finetuner.callback.EvaluationCallbackfor evaluation and specify the query and index datasets for it.
finetuner/stanford-cars-indexare two subsamples of the Stanford cars dataset that have no overlap with each other or our training data.
We set the number of training epochs (
epochs) and the learning rate (
Now that we’ve created a run, we can see its status. You can monitor the state of the run with
run.status(), and use
run.stream_logs() to see the logs.
# note, the fine-tuning might takes 30~ minutes for entry in run.stream_logs(): print(entry)
Since some runs might take up to several hours, it’s important to know how to reconnect to Finetuner and retrieve your runs.
import finetuner finetuner.login() run = finetuner.get_run(run.name)
You can continue monitoring the runs by checking the status -
finetuner.run.Run.status() or the logs -
Currently, we don’t have a user-friendly way to get evaluation metrics from the
finetuner.callback.EvaluationCallback we initialized previously.
What you can do for now is to call
run.logs() after the end of the run and see the evaluation results:
Training [5/5] ━━━━━━━━━━━━━━━━━━━━━━━━━━━━━━━━━━━━━━━━ 48/48 0:00:00 0:00:12 • loss: 13.986 INFO Done ✨ __main__.py:195 DEBUG Finetuning took 0 days, 0 hours 3 minutes and 48 seconds __main__.py:197 INFO Metric: 'resnet_base_precision_at_k' before fine-tuning: 0.11575 after fine-tuning: __main__.py:210 0.53425 INFO Metric: 'resnet_base_recall_at_k' before fine-tuning: 0.05745 after fine-tuning: __main__.py:210 0.27113 INFO Metric: 'resnet_base_f1_score_at_k' before fine-tuning: 0.07631 after fine-tuning: __main__.py:210 0.35788 INFO Metric: 'resnet_base_hit_at_k' before fine-tuning: 0.82900 after fine-tuning: 0.94100 __main__.py:210 INFO Metric: 'resnet_base_average_precision' before fine-tuning: 0.52305 after fine-tuning: __main__.py:210 0.79779 INFO Metric: 'resnet_base_reciprocal_rank' before fine-tuning: 0.64909 after fine-tuning: __main__.py:210 0.89224 INFO Metric: 'resnet_base_dcg_at_k' before fine-tuning: 1.30710 after fine-tuning: 4.52143 __main__.py:210 INFO Building the artifact ... __main__.py:215 INFO Pushing artifact to Jina AI Cloud ... __main__.py:241 [12:19:53] INFO Artifact pushed under ID '63f8a9089c6406e19244771d' __main__.py:243 DEBUG Artifact size is 83.580 MB __main__.py:245 INFO Finished 🚀 __main__.py:246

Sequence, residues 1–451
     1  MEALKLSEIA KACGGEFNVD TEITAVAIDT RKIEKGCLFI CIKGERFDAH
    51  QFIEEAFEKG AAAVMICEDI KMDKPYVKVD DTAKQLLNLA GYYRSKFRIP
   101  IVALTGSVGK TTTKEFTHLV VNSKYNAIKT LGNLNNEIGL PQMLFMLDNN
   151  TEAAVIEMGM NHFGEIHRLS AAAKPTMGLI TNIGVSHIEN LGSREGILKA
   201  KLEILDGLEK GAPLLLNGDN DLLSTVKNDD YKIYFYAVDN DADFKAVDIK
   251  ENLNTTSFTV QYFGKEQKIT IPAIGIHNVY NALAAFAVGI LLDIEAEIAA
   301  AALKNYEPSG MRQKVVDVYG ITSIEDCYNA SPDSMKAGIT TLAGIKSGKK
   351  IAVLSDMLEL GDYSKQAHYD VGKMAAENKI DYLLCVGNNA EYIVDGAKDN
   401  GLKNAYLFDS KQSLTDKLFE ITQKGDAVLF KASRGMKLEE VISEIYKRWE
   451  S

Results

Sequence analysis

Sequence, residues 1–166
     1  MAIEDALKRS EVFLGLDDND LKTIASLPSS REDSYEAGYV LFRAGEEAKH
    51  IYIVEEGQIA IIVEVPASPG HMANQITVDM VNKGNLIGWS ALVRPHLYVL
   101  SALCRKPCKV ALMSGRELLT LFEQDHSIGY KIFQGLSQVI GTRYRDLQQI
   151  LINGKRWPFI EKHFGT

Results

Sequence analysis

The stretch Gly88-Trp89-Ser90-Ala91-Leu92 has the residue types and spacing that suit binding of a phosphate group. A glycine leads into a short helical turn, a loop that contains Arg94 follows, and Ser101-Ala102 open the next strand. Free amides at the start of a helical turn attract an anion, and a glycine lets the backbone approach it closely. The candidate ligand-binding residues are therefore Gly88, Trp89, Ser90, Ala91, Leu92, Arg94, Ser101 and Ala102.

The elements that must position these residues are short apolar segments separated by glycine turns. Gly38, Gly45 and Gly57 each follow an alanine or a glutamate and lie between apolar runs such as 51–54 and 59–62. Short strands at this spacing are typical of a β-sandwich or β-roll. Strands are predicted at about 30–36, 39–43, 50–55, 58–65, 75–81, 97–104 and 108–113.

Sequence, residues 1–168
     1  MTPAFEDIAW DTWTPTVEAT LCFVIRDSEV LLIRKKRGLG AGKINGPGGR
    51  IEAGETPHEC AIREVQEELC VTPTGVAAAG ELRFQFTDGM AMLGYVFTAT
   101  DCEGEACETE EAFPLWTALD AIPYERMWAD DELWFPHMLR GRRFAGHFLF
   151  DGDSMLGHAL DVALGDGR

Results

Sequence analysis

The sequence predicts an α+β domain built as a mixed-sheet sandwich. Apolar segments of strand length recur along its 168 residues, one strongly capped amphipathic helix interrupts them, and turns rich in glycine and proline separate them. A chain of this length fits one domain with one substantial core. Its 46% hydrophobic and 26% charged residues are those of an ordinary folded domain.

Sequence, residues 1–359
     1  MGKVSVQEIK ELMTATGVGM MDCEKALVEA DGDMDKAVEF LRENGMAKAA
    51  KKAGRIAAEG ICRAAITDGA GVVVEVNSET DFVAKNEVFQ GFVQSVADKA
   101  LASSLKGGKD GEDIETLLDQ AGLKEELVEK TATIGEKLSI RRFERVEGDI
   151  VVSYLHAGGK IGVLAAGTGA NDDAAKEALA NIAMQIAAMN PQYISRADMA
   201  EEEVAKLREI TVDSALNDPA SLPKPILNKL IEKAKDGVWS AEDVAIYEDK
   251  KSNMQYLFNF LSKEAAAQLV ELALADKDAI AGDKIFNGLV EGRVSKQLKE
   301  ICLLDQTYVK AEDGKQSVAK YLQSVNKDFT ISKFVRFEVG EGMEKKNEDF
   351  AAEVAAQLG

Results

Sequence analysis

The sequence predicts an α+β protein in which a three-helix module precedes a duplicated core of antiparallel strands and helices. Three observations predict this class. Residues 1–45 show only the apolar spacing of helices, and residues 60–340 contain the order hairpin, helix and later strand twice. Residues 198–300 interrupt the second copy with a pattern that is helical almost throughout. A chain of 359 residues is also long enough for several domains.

After the run has finished successfully, you can download the tuned model on your local machine:
artifact = run.save_artifact('resnet-model')
Now you saved the
artifact into your host machine,
let’s use the fine-tuned model to encode a new
Inference with ONNX
In case you set
to_onnx=True when calling
model = finetuner.get_model(artifact, is_onnx=True)
query = DocumentArray([query_data]) model = finetuner.get_model(artifact=artifact, device='cuda') finetuner.encode(model=model, data=query) finetuner.encode(model=model, data=index_data) assert query.embeddings.shape == (1, 2048)
And finally, you can use the embedded
query to find top-k visually related images within
index_data as follows:
query.match(index_data, limit=10, metric='cosine')
Before and after#
We can directly compare the results of our fine-tuned model with its zero-shot counterpart to get a better idea of how fine-tuning affects the results of a search. Each class of the Stanford cars dataset contains images for a single model of car. Therefore, we can define a ‘good’ search result as an image of a car that is the same model as the car in the query image, and not necessarily images of cars that are taken at a similar angle, or are the same colour.
The example below shows exactly this: